In the fading evening light of March 15, 1938, my mother, father, and I were sitting in the living room, listening to the radio. Suddenly, the program was interrupted by a dramatic message—and an urgent appeal. Eighteen Army Air Corps airplanes, flying from Selfridge Field in Michigan to Tampa, Florida, needed to make an emergency landing in our town.
The airplanes had been planning to make a refueling stop at Maxwell air base in Montgomery, Alabama, but they had encountered stormy weather and headwinds near Birmingham and were now low on fuel. Unable to contact the Birmingham airport, the squadron’s leader, Captain D.M. Allison, chose to backtrack to our town, Huntsville, where the weather was reported to be less severe, and try for a landing there.
Night was setting in when the pilots spotted a huge lighted sign advertising the Hotel Russel Erskine. The 12-story structure was our tallest. But other than that beacon, Huntsville, a cotton mill town with a population of 11,000, had little to offer: an unlit grass field with a shed and a tattered wind sock. Certainly no control tower.
Two state troopers, who had been observing the aircraft in the dark and roiling sky, realized the pilots’ problem and rushed to notify a local radio station. Interrupting its regular program, the station issued an emergency appeal: Townspeople were needed to drive to the airstrip, encircle it with their cars, and use their headlights to illuminate the field, helping the pilots land.
My family was among the first to arrive. As a teenager enamored of every element of flying, I could hardly contain my excitement as the first Seversky P-35, spitting blue flame from its exhaust manifold, swooped out of the darkness into the pool of lights, touched down, bounced skyward, settled back to the ground, braked, and then, engine roaring, taxied to the edge of the field. “Those are fighter planes!” I yelled to my parents, hoping they would appreciate my aeronautical wisdom.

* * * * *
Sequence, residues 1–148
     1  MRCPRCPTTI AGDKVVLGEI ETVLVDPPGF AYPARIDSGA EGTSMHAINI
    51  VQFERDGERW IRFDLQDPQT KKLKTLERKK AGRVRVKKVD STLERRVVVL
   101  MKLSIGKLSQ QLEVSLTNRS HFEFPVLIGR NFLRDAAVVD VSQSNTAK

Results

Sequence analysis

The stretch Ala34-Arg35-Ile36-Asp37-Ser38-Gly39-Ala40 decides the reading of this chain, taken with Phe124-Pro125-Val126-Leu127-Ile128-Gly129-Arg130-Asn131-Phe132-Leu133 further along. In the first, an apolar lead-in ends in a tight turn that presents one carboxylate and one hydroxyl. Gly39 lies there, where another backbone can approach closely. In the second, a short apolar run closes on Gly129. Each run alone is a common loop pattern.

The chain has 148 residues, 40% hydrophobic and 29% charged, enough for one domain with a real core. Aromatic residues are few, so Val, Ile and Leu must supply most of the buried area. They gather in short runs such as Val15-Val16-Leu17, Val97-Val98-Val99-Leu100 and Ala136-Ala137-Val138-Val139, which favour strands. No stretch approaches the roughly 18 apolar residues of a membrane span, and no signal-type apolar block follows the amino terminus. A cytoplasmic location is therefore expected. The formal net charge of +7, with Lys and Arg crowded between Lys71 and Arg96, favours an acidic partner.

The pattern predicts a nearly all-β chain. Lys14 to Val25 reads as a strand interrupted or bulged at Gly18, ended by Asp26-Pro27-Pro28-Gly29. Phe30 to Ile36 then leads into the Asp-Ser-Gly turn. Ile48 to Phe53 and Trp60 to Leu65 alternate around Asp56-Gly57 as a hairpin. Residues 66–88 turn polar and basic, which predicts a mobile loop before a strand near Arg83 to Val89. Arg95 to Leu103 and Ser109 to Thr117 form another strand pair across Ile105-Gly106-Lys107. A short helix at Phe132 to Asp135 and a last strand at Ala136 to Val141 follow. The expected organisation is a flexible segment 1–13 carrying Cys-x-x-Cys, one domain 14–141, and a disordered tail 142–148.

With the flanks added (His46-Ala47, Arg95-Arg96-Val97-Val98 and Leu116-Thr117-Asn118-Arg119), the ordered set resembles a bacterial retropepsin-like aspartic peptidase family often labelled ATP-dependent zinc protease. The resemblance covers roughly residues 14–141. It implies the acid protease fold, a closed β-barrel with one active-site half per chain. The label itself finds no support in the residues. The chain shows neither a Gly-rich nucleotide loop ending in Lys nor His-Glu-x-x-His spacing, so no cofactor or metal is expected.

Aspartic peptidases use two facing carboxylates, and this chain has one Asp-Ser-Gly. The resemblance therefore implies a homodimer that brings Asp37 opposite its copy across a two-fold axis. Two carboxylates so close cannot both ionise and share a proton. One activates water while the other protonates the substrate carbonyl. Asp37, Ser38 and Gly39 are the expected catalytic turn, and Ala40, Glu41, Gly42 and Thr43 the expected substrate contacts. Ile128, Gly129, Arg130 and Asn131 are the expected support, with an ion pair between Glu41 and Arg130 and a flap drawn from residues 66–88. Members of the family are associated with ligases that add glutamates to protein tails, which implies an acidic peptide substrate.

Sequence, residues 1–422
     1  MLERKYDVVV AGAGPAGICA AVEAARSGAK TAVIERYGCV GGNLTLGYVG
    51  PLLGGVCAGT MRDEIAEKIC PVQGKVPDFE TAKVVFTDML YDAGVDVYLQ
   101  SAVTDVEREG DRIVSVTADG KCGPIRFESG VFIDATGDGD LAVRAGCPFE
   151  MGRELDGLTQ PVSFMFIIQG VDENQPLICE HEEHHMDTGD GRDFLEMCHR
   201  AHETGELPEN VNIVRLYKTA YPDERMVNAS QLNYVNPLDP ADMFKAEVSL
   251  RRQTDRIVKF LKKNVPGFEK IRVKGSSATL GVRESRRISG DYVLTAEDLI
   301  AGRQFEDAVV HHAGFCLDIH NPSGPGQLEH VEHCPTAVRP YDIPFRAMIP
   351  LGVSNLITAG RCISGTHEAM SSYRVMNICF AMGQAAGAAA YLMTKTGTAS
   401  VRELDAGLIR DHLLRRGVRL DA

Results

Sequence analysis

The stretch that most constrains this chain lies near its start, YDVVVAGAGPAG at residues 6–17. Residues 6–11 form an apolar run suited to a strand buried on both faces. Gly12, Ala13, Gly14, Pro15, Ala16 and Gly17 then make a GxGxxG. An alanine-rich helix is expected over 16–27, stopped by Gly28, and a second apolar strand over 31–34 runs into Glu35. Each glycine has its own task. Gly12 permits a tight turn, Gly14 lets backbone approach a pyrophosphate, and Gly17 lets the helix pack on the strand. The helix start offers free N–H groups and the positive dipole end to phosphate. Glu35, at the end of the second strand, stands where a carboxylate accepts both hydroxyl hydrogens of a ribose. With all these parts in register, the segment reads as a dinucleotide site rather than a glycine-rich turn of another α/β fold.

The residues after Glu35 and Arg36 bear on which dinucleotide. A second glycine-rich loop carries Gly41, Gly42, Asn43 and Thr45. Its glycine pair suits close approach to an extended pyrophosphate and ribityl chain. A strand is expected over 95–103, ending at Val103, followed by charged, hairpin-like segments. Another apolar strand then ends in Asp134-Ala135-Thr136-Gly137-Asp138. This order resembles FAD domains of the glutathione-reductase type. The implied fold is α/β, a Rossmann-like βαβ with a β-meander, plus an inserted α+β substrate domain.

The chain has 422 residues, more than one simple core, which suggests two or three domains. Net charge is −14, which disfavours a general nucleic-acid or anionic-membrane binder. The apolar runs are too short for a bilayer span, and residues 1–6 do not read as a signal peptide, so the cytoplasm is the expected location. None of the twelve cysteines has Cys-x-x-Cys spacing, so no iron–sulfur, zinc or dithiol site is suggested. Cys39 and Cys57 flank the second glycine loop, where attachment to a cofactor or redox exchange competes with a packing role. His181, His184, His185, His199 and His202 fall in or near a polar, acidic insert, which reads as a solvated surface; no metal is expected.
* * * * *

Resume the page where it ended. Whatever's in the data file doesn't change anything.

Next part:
That first airplane, as it turned out, was Captain Allison’s, who could now use his radio to act as ground control. One by one, the remaining 17 airplanes peeled out of their circling formation through the gusty winds. All landed without incident except the last. We held our breath as the pilot, his aircraft yawing wildly, gunned it for another circuit around the field. On the second attempt he brought his airplane in for a bumpy but successful landing. The crowd at the field exploded into a cheer.
In the surge of townspeople following the landings, I managed to shake the hands of most of the pilots, including Captain Allison’s. I was to keep the hand that had shaken those of the gods unwashed for days.
The pilots arranged their P-35s in smart military alignment along the field and secured protective covers over the engines. City police and others volunteered to stand guard overnight. I would have too, but my parents reminded me about school the next morning.
Captain Allison lavished praise on his “boys”—the 17th Pursuit Squadron—for their ability to fly so skillfully under such pressure. “Thank God for Huntsville,” he told our mayor. “I don’t know how we could’ve survived without you people.” Later, I overheard one of the pilots say: “I’m just thankful we all came down right side up.”
The pilots were escorted to the Russel Erskine hotel, whose sign had served as a beacon to guide them in the darkness, and the hotel staff offered them libations in the locally famous Blue Room. My friend Jimmie Taylor, who was a bellhop there, told me that one of the pilots, an “obvious Yankee,” recalled worrying that the squadron would have to land in one of those stubbly “grits fields.”